1. “And no, carirers without a first class aren’t an alternative for anyone who flies monthly.”

          So what you’re saying is that you’ve chosen these 3 airlines based on the service they provide, and that said service is more important to you than the increased flexibility that other carriers offer.

          1. Absolutely correct. If you’re flying 100K miles a year, service (non-stops, destinations, access to upgrades) trumps price. My complaint is with the level to which change fees have risen, which is well out of proportion to the purpose they putatively serve for the airlines.

  2. Bob Crandall has been outspoken (at least 4 or 5 years ago) about thinking airlines should be regulated again (though with a lighter touch than pre 1978).

    Surprised they didn’t ask for his opinion. He never shies away from offering one…

    Would be curious what his nuances are in the current consolidated environment.

  3. You are obviously preaching to the choir here… the NYT crowds, maybe not.

    Service and low fares are by far the best argument against deregulation. Despite the memories some have of the past, the only real positive was more space on the plane; technology at every point has made for a richer,less costly, and more reliably travel experience today.

    The only people within the industry who argue for reregulation are those that cannot win in the current environment – and they are actually the ones who would least likely benefit under any reregulation scenario. Americans are addicted to low fares and the impact of low fares in the industry and the resulting impact on costs will only grow.

    Those outside the industry who argue for reregulation probably really don’t believe they will achieve it but think they can bully the airline industry into offering more service for less price while also diverting American’s attention from the government-controlled part of the process – ATC and security – where the government clearly doesn’t believe it should be held to the standard to which it holds airlines. .

  4. I think the re-regulation crowd is a little bit like the politician that panders to the voters by promising lots of great things while glossing over who or how it’s going to be paid for. That said, there have been egregious things that airlines have done which gives fuel to the regulation camps fire. Airlines have gotten better at good old fashioned customer service in the past few years as things have improved. That said, damage has been done that’ll take a long time to correct. While I don’t think we should overreact and go back to the days of regulation, but keeping the airlines in-check is a good thing. Thankfully things like social media are doing more to make that happen than anything the gov’t could do.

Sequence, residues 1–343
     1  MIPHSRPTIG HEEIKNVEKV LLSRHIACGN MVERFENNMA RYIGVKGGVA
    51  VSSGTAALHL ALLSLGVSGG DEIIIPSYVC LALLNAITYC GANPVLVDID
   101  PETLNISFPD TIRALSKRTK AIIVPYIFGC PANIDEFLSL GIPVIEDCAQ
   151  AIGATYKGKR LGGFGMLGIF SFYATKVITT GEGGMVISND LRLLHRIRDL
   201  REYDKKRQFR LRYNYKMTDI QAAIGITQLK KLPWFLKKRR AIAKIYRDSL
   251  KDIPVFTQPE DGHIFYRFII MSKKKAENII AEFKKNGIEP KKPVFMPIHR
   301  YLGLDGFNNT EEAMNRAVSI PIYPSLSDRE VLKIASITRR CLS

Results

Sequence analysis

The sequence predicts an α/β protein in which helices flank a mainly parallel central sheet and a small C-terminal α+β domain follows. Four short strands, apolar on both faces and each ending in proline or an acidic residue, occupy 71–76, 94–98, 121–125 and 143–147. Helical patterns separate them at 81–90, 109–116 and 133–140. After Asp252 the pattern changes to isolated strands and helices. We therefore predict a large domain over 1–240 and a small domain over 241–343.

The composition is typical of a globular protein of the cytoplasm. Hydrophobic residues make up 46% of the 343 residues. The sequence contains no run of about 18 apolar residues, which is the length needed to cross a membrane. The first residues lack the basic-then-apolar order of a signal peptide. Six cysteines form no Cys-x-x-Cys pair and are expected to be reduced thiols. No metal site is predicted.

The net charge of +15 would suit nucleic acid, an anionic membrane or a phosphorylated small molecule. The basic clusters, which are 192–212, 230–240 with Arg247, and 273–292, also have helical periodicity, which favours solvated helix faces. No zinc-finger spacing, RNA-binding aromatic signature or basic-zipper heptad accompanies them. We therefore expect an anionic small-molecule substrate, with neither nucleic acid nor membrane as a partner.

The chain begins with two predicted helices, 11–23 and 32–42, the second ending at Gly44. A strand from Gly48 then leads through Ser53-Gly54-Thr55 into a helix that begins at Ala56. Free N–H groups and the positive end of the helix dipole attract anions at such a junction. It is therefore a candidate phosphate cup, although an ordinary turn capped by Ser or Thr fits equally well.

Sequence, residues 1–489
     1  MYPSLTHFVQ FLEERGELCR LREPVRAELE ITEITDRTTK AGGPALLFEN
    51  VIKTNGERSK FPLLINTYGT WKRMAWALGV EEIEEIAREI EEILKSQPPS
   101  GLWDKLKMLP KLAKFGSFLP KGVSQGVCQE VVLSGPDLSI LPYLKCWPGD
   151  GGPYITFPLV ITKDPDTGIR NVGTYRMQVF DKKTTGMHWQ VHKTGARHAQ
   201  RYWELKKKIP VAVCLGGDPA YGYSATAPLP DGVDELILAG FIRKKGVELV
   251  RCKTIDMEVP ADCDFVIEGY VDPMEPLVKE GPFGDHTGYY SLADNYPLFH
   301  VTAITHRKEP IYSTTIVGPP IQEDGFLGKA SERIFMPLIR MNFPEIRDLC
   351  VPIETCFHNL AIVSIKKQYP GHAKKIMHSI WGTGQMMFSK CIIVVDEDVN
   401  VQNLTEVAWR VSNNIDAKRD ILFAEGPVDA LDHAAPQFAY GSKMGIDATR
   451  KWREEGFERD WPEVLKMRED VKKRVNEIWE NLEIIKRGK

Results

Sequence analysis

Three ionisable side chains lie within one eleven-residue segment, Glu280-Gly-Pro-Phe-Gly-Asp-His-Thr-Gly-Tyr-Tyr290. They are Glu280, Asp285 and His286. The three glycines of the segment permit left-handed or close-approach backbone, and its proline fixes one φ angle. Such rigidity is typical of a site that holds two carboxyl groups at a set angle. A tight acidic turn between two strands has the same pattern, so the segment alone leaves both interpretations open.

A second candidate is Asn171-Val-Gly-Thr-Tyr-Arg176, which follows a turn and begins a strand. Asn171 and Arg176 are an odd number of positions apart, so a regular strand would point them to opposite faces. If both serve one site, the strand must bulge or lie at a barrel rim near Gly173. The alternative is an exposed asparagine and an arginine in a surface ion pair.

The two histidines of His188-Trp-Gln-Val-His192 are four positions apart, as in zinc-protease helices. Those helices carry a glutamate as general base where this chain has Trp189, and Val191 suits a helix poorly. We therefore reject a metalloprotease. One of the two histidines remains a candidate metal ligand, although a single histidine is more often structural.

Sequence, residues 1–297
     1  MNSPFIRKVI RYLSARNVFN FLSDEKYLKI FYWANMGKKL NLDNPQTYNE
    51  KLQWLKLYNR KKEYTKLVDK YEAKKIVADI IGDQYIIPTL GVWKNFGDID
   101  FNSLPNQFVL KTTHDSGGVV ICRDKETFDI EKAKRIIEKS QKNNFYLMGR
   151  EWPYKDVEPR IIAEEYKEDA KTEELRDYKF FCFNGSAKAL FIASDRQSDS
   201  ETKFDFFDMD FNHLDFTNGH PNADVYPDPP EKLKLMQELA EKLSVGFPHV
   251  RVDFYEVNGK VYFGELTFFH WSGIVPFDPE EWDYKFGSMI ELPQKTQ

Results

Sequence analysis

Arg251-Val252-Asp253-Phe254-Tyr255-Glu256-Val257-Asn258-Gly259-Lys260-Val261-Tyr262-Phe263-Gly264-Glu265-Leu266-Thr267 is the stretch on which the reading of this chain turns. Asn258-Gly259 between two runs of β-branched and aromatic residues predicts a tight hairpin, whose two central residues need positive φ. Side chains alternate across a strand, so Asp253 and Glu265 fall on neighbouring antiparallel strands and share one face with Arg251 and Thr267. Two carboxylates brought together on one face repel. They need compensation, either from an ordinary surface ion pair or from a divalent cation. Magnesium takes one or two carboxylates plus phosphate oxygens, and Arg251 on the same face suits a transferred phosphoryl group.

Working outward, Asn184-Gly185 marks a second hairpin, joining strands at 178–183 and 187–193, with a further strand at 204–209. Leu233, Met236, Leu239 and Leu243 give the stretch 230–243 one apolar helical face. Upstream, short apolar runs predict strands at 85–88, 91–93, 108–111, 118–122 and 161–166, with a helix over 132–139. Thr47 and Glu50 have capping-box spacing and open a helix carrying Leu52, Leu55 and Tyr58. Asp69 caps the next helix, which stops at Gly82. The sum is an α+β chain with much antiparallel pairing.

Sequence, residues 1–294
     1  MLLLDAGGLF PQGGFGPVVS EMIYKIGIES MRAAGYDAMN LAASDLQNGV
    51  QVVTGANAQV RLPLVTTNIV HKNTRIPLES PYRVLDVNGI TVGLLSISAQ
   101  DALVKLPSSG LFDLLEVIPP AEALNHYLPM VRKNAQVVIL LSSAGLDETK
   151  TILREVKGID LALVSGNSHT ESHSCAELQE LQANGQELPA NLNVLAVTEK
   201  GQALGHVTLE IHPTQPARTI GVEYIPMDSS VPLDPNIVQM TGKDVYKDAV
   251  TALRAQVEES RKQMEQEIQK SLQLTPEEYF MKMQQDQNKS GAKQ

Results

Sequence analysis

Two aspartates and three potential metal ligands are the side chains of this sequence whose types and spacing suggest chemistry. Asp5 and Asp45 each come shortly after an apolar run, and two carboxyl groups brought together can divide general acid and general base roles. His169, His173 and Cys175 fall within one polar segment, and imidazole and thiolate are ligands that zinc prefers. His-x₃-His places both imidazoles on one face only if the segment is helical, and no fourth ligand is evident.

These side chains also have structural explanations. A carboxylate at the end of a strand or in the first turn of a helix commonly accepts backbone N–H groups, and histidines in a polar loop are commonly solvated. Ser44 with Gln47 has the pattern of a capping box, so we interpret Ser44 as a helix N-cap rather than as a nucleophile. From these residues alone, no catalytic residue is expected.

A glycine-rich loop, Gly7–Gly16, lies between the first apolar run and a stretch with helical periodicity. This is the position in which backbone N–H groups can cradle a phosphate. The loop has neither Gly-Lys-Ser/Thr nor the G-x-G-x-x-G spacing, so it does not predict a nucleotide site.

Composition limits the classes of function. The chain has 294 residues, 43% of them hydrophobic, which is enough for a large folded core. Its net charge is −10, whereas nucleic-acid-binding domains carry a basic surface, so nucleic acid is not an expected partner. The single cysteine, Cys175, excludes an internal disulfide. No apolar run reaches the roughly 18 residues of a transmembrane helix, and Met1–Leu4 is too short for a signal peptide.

1. You might also ask that people dress ‘casual upward’. No tank tops. No short shorts. And respect other passengers space. Do not take your seat to the far back position, fast, while people are eating. Mw

  5. I do think that Rule 240 should be codified into law. Otherwise, as long as there is at least ONE airline (Southwest) that still allows all coach passengers to check two bags free and does not charge outlandish change fees, so that passengers have a true choice, government should refrain from re regulation on non safety items.

  6. Nelson’s points about deregulation and its continued impact on labor are, unfortunately, dead on. And while the usual free market harridans will shout about $199 transcon airfares being an American birth right, it’s also important to remember that much of that savings has come at the cost of good paying middle class jobs in all of our communities.

    1. Uh, since when is it the obligation of government to provide good paying jobs in any community?…

      The fact is there are probably 3 times as many airline workers today (if not more?) than there were under regulation. Just not all of them want to belong to a union.

      1. I’m not sure what the government is obligated to provide under any circumstances, airline stuff or no.

        Although, from a labor standpoint, I’m not sure I’m on board with a system that allows airlines to cut pay (through bk) and pensions (offload to the PBGC) when the contracts they’ve agreed to become something they are unwilling to live up to. While the government may not be obligated to “provide” such jobs, it is providing a system that allows the airlines to behave like this.

        The aviation labor cycle is actually quite nasty, and a very big reason why I am not employed directly by an airline.

        1. To top it off, in the AA Bankruptcy I believe employees took pay cuts, and pensions were offloaded to the PBGB, but shareholders still got something out of the bankruptcy as well. Other parties should’ve been made whole first before the shareholders made a recovery.

    2. It is worthwhile to compare employees of airlines to those of trucking firms. Both industries are exceptionally low margin and very cyclical, and both industries were deregulated decades ago, though with increasing regulation recently. However, F/As and pilots (even with bankruptcies etc) have done far better than truckers have in terms of maintaining their salaries in real terms.

      Whether this is due to unions, barriers to entry (to becoming a commercial pilot vs becoming a trucker, or to starting an airline vs starting a trucking company), and/or other factors, I don’t care to debate. Point is, pilots and F/As could have it a lot worse, and it makes for interesting (no matter the agenda) comparison.